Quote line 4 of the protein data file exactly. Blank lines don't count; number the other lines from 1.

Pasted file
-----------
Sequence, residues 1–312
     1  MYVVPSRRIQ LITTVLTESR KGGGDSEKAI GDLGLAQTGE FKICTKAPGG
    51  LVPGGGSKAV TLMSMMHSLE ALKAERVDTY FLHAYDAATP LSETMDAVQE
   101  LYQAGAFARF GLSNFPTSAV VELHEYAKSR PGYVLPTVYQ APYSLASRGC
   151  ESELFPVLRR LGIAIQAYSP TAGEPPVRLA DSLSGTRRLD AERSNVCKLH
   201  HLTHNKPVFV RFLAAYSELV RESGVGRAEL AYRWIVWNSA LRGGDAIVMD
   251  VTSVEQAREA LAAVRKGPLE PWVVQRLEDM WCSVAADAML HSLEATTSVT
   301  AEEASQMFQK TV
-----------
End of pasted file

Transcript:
   101  LYQAGAFARF GLSNFPTSAV VELHEYAKSR PGYVLPTVYQ APYSLASRGC